Davos ski shop says won't rent equipment to Jews

The Swiss shop announced that Jewish tourists will no longer be able to rent skis and other winter equipment, sparking outrage in the Jewish community; The shop insists that this is not an act of antisemitism, but rather a response to some Jewish tourists failing to adhere to local laws and regulations
Davos has long been recognized as a popular tourist destination for ultra-Orthodox Jewish travelers from Israel and around the world. However, tensions between these tourists and the local community have been on the rise in recent years. Locals have expressed concerns about disrespectful behavior and a lack of regard for local customs, while tourists have frequently raised allegations of antisemitism.
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A recent incident has caused significant uproar within the Jewish community in Switzerland, even making headlines in the country's prominent newspaper, the Tages-Anzeiger. According to the report, a mountain station located at the base of the Alps, where skiing trails begin and winter sports equipment is available for rent, displayed a sign in Hebrew outside the entrance.
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הכרזה בשווייץ נגד השכרת ציוד ליהודים
הכרזה בשווייץ נגד השכרת ציוד ליהודים
The sign in Hebrew
The sign stated that no more sports equipment would be rented to "our Jewish brothers." The message further explained that this decision was made due to various troubling incidents, including a sled being stolen. The sign specifically mentioned that the rental restriction applied to all equipment, including sleds, air boards, ski jackets and snowshoes. The station expressed gratitude for the customers' understanding.
A 21-year-old Orthodox Jewish man who visited the site requested to rent equipment but was denied. "I pretended not to understand Hebrew and asked if we could rent the equipment. After the woman consulted with the manager, she rejected our request," he shared. When the young man inquired about the reason for the refusal, the woman responded that it was not her decision. "The incident left me very saddened. It is discriminatory and antisemitic," he said.
Shortly after, another woman joined the conversation and it was reiterated that the group could not rent any equipment. "It was deeply disheartening. We experienced active discrimination solely based on our religion," she lamented.
Jonathan Kreutner, head of the Swiss Federation of Jewish Communities, who is believed to be in Davos himself at the moment, said: "It's a shocking and clearly discriminatory poster. An entire group of guests is being collectively labelled because of their appearance and origin."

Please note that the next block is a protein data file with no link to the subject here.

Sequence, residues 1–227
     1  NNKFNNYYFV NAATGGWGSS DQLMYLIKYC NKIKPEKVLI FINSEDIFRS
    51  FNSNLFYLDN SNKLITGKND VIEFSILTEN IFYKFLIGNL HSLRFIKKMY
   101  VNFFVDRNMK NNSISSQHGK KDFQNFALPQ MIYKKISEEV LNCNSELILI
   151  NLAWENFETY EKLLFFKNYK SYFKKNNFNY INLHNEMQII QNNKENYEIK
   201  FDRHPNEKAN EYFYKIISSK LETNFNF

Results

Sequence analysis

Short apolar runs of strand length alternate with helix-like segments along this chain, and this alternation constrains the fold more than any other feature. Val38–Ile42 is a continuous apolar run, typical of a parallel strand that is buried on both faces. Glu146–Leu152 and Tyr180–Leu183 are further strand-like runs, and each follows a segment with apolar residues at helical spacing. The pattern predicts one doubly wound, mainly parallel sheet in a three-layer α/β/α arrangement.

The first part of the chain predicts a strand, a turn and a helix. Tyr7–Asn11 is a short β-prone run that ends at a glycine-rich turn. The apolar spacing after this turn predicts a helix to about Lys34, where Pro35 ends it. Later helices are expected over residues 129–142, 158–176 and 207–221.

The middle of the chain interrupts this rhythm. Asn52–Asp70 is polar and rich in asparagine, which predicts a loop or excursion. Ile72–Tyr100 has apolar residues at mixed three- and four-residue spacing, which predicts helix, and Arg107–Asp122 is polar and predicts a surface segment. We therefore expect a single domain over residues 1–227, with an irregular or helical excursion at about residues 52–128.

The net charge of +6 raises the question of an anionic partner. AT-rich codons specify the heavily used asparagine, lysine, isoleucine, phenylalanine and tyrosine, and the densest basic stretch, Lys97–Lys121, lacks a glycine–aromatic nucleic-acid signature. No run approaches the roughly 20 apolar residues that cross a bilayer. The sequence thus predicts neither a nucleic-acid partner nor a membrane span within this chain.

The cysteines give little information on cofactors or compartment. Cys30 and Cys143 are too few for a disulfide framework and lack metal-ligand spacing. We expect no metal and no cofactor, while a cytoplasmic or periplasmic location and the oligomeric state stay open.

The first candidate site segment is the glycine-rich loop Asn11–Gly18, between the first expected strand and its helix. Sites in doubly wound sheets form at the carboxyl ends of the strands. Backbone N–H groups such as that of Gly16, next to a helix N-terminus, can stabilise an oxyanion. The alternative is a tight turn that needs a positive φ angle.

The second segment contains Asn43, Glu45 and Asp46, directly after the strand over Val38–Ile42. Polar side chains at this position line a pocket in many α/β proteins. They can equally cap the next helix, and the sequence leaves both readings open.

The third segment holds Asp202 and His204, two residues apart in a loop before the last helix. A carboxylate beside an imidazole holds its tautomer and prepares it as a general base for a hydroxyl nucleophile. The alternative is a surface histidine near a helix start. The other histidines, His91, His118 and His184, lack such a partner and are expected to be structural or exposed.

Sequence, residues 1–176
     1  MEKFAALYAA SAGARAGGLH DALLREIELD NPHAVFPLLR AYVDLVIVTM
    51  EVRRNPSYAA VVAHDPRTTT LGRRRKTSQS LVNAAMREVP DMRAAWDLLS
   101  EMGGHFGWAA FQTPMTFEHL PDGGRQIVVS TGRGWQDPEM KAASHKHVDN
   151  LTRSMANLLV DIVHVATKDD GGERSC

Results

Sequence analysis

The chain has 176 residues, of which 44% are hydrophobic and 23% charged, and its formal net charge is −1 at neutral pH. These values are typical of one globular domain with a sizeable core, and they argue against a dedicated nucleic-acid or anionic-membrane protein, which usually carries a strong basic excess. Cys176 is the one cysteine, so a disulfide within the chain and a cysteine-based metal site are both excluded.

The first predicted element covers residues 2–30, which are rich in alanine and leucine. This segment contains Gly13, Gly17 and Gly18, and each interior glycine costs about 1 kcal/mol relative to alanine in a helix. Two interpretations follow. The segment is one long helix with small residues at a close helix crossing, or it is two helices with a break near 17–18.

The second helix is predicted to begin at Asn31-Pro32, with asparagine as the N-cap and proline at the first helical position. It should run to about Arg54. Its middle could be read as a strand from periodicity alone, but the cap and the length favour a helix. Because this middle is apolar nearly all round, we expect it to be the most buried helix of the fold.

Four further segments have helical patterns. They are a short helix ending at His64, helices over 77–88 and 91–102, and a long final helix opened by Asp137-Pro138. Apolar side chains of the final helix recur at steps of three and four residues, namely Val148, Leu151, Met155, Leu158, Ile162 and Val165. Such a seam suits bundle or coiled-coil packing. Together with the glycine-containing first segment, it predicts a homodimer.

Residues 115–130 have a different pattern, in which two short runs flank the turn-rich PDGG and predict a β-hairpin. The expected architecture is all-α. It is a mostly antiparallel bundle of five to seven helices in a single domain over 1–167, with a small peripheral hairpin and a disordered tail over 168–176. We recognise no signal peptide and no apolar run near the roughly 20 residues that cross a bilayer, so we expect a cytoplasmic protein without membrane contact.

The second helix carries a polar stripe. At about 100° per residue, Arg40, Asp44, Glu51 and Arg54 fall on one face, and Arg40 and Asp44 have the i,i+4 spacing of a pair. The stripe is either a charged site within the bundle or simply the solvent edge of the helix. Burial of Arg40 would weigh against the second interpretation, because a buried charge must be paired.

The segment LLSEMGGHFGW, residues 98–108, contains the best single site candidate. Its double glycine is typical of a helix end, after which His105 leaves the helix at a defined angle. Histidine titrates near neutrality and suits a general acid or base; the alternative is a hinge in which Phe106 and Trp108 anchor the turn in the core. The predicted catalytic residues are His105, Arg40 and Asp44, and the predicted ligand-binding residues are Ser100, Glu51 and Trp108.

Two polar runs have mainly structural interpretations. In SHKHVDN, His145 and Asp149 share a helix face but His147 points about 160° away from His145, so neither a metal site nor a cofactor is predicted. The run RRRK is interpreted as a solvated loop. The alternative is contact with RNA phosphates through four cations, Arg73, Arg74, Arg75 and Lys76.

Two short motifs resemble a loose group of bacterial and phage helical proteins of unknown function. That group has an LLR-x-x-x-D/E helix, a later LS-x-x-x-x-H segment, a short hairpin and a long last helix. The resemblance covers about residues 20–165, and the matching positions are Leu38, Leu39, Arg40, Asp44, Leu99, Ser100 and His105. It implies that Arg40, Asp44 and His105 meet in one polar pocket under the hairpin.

Antisemitism or Jews crying wolf?

The shop, which is near the mountain station, released a statement Sunday to explain itself. "Unfortunately, this is not an isolated incident. We experience these things every day," the statement said. Shop managers explained that some Jewish guests rent sleds but then leave them on the ski slopes, causing problems. Some also call emergency services, even though nobody is hurt.
"We can't take the risk anymore that a guest gets seriously hurt and sues us," shop officials said. But it's not just about safety. The company that runs the rental station also claimed that many Jewish guests rent equipment, like sleds, but don't return them or return them damaged. They also complained that tourists often take the best spots on the terrace or inside the restaurant and turn it into a big picnic event.
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Davos, Switzerland
Davos, Switzerland
Davos, Switzerland
(Photo: EPA)
The recent incident involving friction between ultra-Orthodox tourists and the town of Davos is not the first time they have made headlines for negative reasons. Last summer, the country faced turmoil when reports emerged that some locals had refused to rent their Airbnb apartments to ultra-Orthodox Jewish tourists.
The decision made by the tourism policy commissioner in Davos to end its longstanding cooperation, which included a dialogue project with the local Jewish community, caused a significant uproar. This project, led by Kreutner for many years, aimed to foster understanding and promote learning between ultra-Orthodox tourists and the local population.
Its goal was to improve the overall experience for everyone during the busy vacation period by exploring the values and customs of each party. However, reports started to circulate about Jewish tourists leaving significant litter on the lawns, trespassing on private property, disregarding local traffic laws, and more. The locals were outraged by these actions, leading the authorities to sever ties with the Jewish community.
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